• retort In metallurgy, to separate by means of a retort, as gold from an amalgam. Gold is always obtained in the form of an amalgam in stamping quartz-rock, and frequently, also, in washing auriferous detritus with the sluice. The amalgam is placed in an iron retort, and then heated, when the mercury passes off in vapor and is condensed in a suitable receiver—the gold. always more or less alloyed with silver, remaining behind. See gold.
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Chambers's Twentieth Century Dictionary
    • v.t Retort rē-tort′ to throw back: to return: to retaliate: to separate by means of a retort
    • v.i Retort to make a sharp reply
    • n Retort a ready and sharp reply: a witty answer: a vessel used in distillation, properly a spiral tube
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Etymology

Webster's Revised Unabridged Dictionary
L. retortus, p. p. of retorquere,; pref. re-, re- + torquere, to turn twist. See Torsion, and cf. Retort (n.), 2

Usage

In literature:

The effect of this is to equalize the temperatures inside and outside the retort.
"Scientific American Supplement, No. 611, September 17, 1887" by Various
It needs no electric power or high pressure retorts or liquid air apparatus.
"Creative Chemistry" by Edwin E. Slosson
Janet, who had a certain tenderness for the pretty black sheep of the family, checked the sharp retort which trembled on her lips.
"What Timmy Did" by Marie Adelaide Belloc Lowndes
If my hour's come, it's come, I suppose, and that's the end of it,' he retorted irritably.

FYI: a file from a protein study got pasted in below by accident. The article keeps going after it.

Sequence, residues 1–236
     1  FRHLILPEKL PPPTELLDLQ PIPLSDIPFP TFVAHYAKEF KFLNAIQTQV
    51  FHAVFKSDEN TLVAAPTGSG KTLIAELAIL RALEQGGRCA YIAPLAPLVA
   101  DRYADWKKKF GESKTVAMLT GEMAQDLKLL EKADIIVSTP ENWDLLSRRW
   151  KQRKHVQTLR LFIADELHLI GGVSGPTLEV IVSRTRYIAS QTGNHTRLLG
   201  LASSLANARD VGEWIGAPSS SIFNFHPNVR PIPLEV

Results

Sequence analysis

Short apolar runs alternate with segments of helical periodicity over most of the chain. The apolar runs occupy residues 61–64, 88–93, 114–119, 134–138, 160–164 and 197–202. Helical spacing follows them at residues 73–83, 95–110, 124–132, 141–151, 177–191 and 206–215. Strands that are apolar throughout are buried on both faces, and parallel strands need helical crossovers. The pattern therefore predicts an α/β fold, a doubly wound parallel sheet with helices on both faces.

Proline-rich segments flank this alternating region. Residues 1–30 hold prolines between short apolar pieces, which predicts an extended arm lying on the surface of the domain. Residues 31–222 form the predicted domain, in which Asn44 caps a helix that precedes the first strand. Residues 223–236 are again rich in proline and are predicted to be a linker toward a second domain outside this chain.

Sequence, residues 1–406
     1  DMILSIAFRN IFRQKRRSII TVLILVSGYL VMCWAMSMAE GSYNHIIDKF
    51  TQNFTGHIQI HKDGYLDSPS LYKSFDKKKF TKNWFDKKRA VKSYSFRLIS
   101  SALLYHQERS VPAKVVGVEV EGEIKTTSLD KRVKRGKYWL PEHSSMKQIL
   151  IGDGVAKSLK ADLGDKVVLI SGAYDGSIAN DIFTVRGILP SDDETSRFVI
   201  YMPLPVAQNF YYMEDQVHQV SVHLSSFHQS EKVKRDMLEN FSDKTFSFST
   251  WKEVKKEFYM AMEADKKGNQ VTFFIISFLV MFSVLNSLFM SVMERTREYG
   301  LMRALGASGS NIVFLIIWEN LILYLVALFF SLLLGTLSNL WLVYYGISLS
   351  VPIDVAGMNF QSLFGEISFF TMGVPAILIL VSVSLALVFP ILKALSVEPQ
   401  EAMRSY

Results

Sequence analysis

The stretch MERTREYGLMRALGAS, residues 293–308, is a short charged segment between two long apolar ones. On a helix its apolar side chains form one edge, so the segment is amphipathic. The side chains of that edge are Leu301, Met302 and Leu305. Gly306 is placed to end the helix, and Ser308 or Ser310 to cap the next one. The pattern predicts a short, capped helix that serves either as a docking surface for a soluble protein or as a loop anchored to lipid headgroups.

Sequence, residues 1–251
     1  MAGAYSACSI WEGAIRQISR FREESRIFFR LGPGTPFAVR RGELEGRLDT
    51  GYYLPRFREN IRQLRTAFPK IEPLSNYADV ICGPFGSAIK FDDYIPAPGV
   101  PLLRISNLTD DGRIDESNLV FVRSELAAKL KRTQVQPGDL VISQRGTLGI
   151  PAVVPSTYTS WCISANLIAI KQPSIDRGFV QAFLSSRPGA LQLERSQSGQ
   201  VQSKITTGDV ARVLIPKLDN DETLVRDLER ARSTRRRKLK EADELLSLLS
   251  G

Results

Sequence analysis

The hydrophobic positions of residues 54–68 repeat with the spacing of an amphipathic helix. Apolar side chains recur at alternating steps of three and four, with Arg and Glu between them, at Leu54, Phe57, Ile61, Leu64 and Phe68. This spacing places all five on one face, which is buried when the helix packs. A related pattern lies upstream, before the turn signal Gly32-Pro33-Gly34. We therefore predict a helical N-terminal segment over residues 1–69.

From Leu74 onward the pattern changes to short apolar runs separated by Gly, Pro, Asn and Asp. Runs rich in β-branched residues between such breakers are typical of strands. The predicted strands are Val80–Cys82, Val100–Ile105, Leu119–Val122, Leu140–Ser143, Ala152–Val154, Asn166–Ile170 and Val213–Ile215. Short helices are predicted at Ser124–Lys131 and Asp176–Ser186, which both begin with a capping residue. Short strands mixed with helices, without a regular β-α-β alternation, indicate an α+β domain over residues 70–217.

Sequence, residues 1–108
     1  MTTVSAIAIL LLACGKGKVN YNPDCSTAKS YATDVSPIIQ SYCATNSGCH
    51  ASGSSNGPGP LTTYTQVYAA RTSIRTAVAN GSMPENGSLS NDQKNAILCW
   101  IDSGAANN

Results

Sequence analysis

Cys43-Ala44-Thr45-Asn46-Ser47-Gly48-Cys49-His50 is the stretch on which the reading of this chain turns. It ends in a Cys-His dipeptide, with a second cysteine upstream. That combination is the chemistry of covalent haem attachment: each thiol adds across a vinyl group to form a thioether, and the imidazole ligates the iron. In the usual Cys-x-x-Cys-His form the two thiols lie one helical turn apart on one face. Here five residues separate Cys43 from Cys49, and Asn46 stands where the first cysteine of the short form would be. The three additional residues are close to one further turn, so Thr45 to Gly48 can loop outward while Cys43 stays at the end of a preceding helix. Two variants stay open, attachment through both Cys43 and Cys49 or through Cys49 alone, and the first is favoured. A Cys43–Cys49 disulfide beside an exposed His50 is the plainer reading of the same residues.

"The Guinea Stamp" by Annie S. Swan
His first retorts for distilling coal were similar to the common glass retort of the chemist.
"Artificial Light" by M. Luckiesh
These are joined at the bottom to cast iron retorts of the same shape as the earthenware retort.
"Scientific American Supplement, No. 717, September 28, 1889" by Various
The other freshmen at the table were taking no pains to disguise their glee at Grace's retort.
"Grace Harlowe's First Year at Overton College" by Jessie Graham Flower
In concert with the latter, Ranc concerted a plan for a practical retort.
"Anecdotes of Painters, Engravers, Sculptors and Architects and Curiosities of Art (Vol. 3 of 3)" by S. Spooner
The crude oil is placed in an iron retort connected with a coil of pipe in a vessel of cold water.
"Continental Monthly, Vol. 5, Issue 2, February, 1864" by Various
Garth, his agitation of last night having left him nervous and irritable, retorted hotly.
"The Short Cut" by Jackson Gregory
After firmly tying the end of a toy balloon over the mouth of the retort he held the spirit lamp beneath the bowl of the retort.
"Curlie Carson Listens In" by Roy J. Snell
The main pipe, which collects the vapours from the retorts, is nearly a yard in diameter.
"Western Worthies" by J. Stephen Jeans
I begin to think it may be looked for in glass retorts in the land of dragons.
"The Heather-Moon" by C. N. Williamson and A. M. Williamson
A common councillor of London promptly retorted that benevolences were illegal by statute of Richard III.
"Henry VIII." by A. F. Pollard
The sting that had tormented me was still alive; I could not deny myself the pleasure of a retort so apt.
"Simon Dale" by Anthony Hope
The materials are placed in a retort arranged as shown in Fig.
"An Elementary Study of Chemistry" by William McPherson
To this German retorted with great bitterness.